Magnification with a Gravitational Lens?
One of the most distant observed objects in the universe, 13.4 billion light years, was observed with the help of the gravitational lens effect. The experimenters report an effective magnification of about 30, which allowed them to observe an object which would otherwise have been undetectable.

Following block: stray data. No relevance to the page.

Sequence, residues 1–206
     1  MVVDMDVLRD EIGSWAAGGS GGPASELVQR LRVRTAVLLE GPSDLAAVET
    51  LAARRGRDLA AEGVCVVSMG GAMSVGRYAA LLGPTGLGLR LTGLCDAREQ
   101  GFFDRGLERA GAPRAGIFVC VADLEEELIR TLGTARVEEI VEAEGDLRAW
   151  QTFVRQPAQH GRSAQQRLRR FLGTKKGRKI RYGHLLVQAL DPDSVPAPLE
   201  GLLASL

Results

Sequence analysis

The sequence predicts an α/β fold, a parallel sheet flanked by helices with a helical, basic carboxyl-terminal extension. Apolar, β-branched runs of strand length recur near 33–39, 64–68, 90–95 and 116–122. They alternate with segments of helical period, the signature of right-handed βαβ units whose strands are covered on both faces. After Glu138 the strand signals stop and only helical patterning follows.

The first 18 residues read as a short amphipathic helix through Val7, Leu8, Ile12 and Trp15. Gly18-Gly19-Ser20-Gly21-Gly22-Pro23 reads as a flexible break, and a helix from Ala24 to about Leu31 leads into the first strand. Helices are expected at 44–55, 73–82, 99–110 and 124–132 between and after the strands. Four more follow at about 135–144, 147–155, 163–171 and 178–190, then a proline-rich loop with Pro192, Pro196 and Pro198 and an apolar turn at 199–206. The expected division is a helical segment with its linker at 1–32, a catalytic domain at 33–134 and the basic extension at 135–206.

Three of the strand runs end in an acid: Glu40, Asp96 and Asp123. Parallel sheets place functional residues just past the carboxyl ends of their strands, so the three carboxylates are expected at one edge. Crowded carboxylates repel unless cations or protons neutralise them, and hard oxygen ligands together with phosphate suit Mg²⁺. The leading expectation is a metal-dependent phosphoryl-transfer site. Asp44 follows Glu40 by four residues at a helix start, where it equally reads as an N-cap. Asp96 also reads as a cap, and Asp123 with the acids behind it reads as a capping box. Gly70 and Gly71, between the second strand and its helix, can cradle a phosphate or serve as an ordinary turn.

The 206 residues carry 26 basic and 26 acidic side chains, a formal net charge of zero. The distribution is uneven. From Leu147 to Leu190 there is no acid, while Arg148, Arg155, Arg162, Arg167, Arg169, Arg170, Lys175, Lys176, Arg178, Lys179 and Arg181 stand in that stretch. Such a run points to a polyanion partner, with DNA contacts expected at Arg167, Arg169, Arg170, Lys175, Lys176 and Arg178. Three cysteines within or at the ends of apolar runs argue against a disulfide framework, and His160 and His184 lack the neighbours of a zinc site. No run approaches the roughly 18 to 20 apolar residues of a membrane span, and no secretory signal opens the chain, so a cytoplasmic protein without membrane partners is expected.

This NASA/ESA Hubble Space Telescope image shows a newly discovered very small, faint galaxy 'building block' found via a unique collaboration between ground- and space-based telescopes. Hubble and the 10 metre Keck Telescopes in Hawaii joined forces using a galaxy cluster which acts as a gravitational lens to detect what scientists believe is one of the smallest and most distant objects ever found. The galaxy cluster Abell 2218 was used by a team of European and American astronomers led by Richard Ellis (Caltech, USA) in their systematic search for intrinsically faint distant star-forming systems. Without the help from this cluster's magnifying power (it magnifies by around 30 times) the galaxy building block would have been undetectable with present facilities. In the image to the right, the object is seen distorted into two nearly identical, very red 'images' by the gravitational lens. The image pair represents the magnified result of a single background object gravitationally lensed by Abell 2218 and viewed at a distance of 13.4 billion light-years. The intriguing object contains only one million stars, far fewer than a mature galaxy, and Ellis and co-workers believe it is very young. Such young star-forming systems of low mass at early cosmic times are likely to be the objects from which the mature galaxies around us today have formed. In the image to the left, the full overview of the galaxy cluster Abell 2218 is seen. This image was taken by Hubble in 1999 during the Early Release Observations made immediately after the Hubble Servicing Mission 3A. Credit: ESA, NASA, Richard Ellis (Caltech, USA) and Jean-Paul Kneib (Observatoire Midi-Pyrenees, France)"
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